Joe Vitt is the official interim head coach, but because he is suspended for the first six games of the regular season for his involvement with the Saints’ Bounty scandal, offensive line coach Aaron Kromer will be the other interim head coach to start the regular season (per ESPN.com).
Fortunately for Vitt and Kromer, they have a terrific offensive coordinator in Pete Carmichael Jr., and another head coach on the field in Drew Brees. With Carmichael calling plays and Brees at the helm on offense, any cause for concern is much less than it could be under these circumstances.
On the other hand, this whole scenario is just odd and has the potential to be disruptive to the Saints’ success. For Kromer, the first six games of 2012 will mark his first-ever head coaching gig. In addition, his coaching experience overall has been exclusively at offensive skill positions (O-line, running backs, tight ends) and as an assistant.
Defensively, the Saints finished 24th in the NFL in total defense in 2011, giving up 368.4 yards per game, 21.2 points per game and struggling to defend the pass. Having a relay team at head coach isn’t going to help shore up any of these holes.
Vitt has done well so far during the preseason, but he’ll take a back seat to Kromer once the regular season hits. Then, regardless of Kromer’s performance, Vitt will step in.
This kind of frequent change will be challenging for the Saints and has the potential to do more harm than good. Knowing that Vitt will be suspended once the games start to count somewhat negates any progress the team will have made with him at the helm, since Kromer will be yet another fresh face and a different voice come September.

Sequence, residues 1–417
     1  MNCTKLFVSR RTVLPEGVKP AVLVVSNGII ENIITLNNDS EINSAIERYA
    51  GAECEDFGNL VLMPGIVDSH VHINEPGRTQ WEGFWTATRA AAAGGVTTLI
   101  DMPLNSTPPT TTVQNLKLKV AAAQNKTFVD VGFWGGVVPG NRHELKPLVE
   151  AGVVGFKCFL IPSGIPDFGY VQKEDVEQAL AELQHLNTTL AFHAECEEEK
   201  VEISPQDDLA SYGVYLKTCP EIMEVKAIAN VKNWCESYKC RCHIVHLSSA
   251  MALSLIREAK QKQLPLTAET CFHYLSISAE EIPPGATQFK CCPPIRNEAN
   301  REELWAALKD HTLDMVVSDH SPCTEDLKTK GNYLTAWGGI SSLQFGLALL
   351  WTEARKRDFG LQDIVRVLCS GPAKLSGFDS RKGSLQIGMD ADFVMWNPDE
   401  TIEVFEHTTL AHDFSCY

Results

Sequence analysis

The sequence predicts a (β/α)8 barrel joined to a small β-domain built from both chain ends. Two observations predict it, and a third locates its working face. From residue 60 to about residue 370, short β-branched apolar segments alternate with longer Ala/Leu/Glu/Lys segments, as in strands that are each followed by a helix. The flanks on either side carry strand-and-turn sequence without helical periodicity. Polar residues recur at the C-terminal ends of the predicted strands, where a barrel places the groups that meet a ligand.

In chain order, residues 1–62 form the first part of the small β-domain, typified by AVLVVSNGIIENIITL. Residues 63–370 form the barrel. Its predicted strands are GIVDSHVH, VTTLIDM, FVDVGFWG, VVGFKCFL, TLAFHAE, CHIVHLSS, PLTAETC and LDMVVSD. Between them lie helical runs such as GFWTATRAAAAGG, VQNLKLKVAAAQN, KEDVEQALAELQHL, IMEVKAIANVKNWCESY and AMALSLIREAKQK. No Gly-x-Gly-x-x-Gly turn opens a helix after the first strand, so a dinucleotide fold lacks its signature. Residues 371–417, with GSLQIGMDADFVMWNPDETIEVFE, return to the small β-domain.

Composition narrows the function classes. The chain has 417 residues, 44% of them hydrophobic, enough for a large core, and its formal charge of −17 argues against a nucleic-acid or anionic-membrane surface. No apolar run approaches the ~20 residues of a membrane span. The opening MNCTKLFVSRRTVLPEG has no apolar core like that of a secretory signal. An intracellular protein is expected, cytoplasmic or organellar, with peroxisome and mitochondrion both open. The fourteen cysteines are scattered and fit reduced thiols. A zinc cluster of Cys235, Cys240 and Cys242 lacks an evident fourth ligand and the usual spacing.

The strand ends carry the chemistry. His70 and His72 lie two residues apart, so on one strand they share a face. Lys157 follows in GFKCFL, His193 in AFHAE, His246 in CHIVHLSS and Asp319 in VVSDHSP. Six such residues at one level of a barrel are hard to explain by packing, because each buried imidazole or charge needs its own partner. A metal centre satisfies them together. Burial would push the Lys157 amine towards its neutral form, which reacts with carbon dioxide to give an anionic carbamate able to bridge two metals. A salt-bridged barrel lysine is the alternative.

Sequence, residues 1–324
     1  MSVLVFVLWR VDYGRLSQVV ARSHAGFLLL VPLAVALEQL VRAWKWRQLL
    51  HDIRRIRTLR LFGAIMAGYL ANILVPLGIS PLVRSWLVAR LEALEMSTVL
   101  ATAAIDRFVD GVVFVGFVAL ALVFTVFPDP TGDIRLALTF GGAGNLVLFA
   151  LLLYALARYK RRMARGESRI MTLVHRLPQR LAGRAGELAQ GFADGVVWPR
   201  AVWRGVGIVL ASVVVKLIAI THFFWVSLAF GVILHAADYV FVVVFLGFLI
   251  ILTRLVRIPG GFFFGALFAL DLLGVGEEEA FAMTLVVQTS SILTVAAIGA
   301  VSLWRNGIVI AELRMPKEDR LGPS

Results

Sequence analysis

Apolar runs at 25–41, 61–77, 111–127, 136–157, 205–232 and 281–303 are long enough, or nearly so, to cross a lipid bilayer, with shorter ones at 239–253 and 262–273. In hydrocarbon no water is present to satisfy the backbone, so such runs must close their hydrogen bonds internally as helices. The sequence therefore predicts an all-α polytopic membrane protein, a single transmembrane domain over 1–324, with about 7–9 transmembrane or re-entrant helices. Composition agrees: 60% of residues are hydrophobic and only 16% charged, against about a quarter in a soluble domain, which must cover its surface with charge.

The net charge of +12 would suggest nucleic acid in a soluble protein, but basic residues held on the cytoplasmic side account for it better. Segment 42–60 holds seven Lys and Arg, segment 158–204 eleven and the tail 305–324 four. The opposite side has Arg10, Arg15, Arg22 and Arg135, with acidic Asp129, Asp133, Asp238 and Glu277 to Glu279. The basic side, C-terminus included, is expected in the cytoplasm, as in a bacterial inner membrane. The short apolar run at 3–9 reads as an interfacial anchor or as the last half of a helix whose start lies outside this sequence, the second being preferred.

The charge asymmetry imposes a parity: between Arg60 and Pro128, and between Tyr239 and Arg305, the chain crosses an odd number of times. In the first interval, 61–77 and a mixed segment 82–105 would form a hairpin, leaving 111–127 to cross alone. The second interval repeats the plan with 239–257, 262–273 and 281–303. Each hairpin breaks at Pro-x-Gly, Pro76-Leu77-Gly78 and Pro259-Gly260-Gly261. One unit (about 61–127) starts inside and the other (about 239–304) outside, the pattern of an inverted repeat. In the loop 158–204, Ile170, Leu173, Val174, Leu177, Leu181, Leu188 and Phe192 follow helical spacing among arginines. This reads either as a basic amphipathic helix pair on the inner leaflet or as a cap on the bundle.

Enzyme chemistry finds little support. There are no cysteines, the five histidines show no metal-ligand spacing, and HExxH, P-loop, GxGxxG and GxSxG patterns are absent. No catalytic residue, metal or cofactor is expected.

Joe Philbin, Miami Dolphins
Steve Mitchell-US PRESSWIRE
The Miami Dolphins are starting over in 2012. They have a new head coach (Joe Philbin), a new offensive coordinator (Mike Sherman), a new defensive coordinator (Kevin Coyle) and a rookie quarterback in Ryan Tannehill that the team hopes can be the face of the franchise.
For Philbin, this marks his first experience as a head coach at any level. And it will be a tough first test.
Quarterback David Garrard was reportedly the leader for the starting quarterback job before undergoing a knee scope on Aug. 11. Now, it appears that Tannehill, who has impressed in his first two preseason games, has the edge over Matt Moore for starting duties.
If Tannehill were to win the quarterback battle, it would be an exciting storyline for Fins fans. At the same time, plugging in a rookie signal-caller involves a learning curve, especially going up against Bill Belichick twice a year.
Philbin also had to deal with the whole Chad Johnson fiasco recently. The controversial veteran wide receiver was in a prime position to headline Miami’s receiving corps; instead, he headlined the media for his domestic battery arrest.
The head coach subsequently released Johnson, which actually sparked some tension between Philbin and the players. According to Adam H. Beasley of the Miami Herald, linebacker Karlos Dansby and cornerback Sean Smith were both unhappy with the decision to let Johnson go.
Both the Dolphins and Philbin hope the distraction blows over soon, but either way, it wasn’t a great storyline for the team heading into the regular season.
The more important progress to monitor, though, is how quickly Philbin and his new staff can form an identity in Miami. Establishing some success in the AFC East will be tough this year, so making tangible strides will be a focal point.
The receiving corps was a weak link even before Johnson’s release. Now the position is even thinner, which will make it even tougher on whoever is passing the ball.
It’s obviously impossible to judge Philbin at this point (having not coached in a regular season game), but there’s no doubt he has a tall task ahead of him in 2012.